Xbox 360:R-JTAG

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Exclamation-triangle-fill.svgThe steps on this page are considered risky for your console, as there is a chance you can brick it. Please have someone else mod your console if you are not experienced in soldering!

Exclamation-circle-fill.svgR-JTAG requires an R-JTAG kit or CR4 XL which aren't sold anymore, and tends to have slow boot times compared to RGH 1.0/1.2/3 or R-JTOP. Thus, this specific exploit is not recommended over RGH/R-JTOP.

The R-JTAG hack is essentially a re-enabling of the JTAG hack using the reset glitch from RGH, which allows you to run unsigned code, mods, game backups, and homebrew on phat consoles. It works by glitching the CB fuse check when loading the old JTAGable CB, which allows JTAG (SMC Hack) to be performed like normal. There are 2 versions of R-JTAG, the normal version which uses I2C slowdown, and R-JTAG+ which uses PLL slowdown. This should only be used if your console doesn’t work well with RGH 1.2 as it requires you to buy an R-JTAG kit and has been known to potentially write garbage to your NAND in some cases. It’s recommended to take a look at the recommended exploit chart and see what hack is recommended for your console.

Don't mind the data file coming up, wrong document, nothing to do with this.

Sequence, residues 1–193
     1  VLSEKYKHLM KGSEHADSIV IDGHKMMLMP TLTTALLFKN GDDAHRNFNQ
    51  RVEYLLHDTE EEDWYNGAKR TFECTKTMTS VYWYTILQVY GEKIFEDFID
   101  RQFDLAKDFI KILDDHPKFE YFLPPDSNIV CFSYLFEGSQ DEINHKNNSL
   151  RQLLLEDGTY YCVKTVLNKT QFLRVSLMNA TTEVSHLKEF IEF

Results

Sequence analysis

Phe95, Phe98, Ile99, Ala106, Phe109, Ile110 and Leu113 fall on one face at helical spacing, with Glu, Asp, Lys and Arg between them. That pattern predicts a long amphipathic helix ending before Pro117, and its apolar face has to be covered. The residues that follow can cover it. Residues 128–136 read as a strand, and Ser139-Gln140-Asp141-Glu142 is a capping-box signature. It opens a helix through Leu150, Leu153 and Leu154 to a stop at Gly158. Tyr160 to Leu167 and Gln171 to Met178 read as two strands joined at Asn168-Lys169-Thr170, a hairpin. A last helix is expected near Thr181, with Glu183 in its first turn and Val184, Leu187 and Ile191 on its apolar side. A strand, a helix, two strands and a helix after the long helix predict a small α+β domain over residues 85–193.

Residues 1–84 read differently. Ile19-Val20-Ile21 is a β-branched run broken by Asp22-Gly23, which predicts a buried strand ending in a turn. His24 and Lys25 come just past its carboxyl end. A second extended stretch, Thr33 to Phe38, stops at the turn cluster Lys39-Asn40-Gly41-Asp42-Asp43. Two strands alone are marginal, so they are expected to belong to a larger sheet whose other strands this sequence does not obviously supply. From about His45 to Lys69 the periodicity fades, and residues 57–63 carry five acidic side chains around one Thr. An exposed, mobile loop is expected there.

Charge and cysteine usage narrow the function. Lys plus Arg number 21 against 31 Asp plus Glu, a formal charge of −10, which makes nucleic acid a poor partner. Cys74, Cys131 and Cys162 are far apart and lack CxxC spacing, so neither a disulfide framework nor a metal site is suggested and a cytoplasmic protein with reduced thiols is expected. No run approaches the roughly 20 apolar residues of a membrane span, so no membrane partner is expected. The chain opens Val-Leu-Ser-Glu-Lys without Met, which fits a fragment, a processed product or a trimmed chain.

While it’s recommended to read through this guide in its entirety, a video guide for R-JTAG can be found on MrMario2011’s channel. A well-used R-JTAG guide can be found on the Team Xecuter site.

Note that R-JTAG does not support Xenon or S/E motherboards.